Changing health behavior via telecommunications technology: Using interactive television to treat obesity

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This study compared a 12-week behavioral weight-control treatment program conducted over interactive television (N = 133) to a standard therapist-led (in-person) treatment condition (N = 33). Subjects started treatment with an average Body Mass Index (BMI) of 34.9 and lost 7.7 kg over 12 weeks with no difference between conditions noted for weight loss, calorie (- 622 calories per day), or exercise changes (+ 970 calories expended per day). Ratings of the technology were positive and there was no difference in subjects' expectations for change, nor was there any difference by treatment condition in overall attrition. A cost-effectiveness analysis showed that the per-person cost of the interactive technology was higher.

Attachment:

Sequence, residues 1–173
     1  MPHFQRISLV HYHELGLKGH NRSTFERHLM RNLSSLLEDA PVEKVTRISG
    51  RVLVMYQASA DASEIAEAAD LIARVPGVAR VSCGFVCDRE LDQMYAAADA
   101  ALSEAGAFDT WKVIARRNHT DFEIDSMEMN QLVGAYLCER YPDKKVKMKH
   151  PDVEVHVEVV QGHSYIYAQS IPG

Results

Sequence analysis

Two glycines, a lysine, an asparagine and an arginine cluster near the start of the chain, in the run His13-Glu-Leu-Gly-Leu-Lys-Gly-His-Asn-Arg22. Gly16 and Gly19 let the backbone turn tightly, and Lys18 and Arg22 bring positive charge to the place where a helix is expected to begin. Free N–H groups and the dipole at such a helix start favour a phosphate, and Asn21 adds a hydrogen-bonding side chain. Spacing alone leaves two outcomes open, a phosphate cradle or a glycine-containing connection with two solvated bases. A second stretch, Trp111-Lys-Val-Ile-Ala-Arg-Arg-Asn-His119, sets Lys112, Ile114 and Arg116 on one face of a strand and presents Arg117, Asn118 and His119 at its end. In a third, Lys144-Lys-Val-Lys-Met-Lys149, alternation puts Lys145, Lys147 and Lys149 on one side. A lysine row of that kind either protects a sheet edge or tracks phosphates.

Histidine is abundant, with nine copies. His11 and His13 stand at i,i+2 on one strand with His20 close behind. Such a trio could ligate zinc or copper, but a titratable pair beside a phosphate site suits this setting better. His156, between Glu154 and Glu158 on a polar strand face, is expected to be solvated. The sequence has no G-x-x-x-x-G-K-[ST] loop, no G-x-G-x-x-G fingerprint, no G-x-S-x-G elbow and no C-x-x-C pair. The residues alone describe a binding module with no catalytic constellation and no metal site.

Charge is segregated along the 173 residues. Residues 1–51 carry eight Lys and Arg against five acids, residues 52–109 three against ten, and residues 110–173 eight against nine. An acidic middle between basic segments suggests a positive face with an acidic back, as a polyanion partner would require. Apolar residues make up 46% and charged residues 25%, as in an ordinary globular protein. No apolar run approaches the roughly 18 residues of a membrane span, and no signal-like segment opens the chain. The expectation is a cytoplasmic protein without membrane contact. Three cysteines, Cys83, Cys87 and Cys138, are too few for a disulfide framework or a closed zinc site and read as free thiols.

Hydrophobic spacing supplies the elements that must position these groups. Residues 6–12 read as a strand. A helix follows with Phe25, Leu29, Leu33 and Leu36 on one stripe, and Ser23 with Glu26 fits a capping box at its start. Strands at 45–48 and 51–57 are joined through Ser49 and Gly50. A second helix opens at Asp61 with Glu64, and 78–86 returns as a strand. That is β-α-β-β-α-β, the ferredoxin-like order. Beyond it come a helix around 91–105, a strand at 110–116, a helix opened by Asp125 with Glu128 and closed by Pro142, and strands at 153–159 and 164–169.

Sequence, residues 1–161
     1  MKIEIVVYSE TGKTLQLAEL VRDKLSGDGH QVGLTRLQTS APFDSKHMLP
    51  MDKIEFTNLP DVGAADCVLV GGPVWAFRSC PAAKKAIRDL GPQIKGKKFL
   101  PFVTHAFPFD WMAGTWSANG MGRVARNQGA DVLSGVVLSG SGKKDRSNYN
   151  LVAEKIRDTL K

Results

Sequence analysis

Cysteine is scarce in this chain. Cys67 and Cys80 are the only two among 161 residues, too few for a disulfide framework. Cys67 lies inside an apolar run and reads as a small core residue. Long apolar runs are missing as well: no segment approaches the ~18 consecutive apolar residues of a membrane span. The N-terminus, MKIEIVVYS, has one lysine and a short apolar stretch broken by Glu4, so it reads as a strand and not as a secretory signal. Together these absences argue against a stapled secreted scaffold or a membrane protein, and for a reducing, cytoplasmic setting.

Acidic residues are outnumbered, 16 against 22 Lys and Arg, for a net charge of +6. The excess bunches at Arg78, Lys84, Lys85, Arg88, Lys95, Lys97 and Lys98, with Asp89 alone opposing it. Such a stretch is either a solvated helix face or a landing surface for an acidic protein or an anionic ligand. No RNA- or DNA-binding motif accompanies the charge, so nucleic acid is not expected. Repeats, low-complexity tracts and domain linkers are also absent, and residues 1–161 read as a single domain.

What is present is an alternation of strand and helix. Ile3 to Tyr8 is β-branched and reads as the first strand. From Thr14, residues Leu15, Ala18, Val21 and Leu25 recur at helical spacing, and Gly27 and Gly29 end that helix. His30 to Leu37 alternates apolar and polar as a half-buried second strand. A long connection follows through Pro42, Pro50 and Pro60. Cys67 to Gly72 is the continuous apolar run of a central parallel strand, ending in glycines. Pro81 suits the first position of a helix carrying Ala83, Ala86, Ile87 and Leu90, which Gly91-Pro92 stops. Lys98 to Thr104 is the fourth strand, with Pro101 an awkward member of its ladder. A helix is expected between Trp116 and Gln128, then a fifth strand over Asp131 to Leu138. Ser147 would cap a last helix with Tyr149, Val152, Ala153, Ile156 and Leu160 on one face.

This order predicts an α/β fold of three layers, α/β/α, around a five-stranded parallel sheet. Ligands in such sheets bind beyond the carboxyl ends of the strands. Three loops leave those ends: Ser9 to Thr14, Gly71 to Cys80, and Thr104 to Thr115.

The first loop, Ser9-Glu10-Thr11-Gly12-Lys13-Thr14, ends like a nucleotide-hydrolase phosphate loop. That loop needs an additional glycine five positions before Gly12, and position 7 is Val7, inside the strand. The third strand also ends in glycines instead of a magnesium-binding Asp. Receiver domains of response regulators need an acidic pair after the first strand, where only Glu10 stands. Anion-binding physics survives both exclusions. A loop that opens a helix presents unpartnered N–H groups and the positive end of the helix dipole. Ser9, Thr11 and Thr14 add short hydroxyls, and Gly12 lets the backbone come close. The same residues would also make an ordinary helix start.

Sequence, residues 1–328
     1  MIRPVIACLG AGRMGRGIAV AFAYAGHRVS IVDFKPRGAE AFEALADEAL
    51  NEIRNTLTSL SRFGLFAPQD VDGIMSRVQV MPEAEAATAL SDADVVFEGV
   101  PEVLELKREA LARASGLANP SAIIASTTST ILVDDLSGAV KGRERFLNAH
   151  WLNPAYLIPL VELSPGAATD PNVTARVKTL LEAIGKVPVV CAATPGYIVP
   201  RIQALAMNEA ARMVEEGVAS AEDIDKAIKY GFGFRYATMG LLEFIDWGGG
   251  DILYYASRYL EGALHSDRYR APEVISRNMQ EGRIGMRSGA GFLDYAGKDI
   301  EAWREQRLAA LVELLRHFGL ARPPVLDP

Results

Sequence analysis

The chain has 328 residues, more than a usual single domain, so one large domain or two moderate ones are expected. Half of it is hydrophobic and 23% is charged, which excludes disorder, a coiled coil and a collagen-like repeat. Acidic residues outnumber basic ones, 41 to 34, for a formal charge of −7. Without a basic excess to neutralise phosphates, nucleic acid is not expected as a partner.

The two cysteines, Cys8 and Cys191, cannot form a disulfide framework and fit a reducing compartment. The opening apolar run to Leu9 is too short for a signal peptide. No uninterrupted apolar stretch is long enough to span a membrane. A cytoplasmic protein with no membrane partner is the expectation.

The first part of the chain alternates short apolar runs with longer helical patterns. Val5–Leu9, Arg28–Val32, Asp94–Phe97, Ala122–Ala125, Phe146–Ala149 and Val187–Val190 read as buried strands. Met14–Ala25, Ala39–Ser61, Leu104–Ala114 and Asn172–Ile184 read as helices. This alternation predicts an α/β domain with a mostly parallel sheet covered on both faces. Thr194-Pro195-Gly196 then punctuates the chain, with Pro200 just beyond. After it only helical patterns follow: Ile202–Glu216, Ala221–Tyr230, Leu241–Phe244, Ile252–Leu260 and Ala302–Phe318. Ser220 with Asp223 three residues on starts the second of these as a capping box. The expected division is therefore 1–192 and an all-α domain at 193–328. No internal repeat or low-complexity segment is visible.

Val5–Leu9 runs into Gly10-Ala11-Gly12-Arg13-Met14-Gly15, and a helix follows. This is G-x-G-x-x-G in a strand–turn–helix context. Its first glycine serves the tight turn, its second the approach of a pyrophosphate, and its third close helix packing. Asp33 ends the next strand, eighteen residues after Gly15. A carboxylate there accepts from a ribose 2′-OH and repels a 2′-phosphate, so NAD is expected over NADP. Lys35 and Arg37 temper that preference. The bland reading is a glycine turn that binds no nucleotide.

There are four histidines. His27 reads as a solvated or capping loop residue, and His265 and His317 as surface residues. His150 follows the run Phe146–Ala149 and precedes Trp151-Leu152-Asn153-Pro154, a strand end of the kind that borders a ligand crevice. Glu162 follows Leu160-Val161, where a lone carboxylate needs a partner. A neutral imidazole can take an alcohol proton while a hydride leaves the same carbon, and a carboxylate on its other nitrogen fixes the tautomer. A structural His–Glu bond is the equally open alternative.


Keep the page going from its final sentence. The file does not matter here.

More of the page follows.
Author-supplied keywords

  • *obesity/dm [Disease Management]
  • *obesity/th [Therapy]
  • *telecommunication
  • adult
  • article
  • body mass
  • caloric intake
  • controlled study
  • cost effectiveness analysis
  • demography
  • female
  • health behavior
  • human
  • major clinical study
  • male
  • technology
  • television
  • weight reduction

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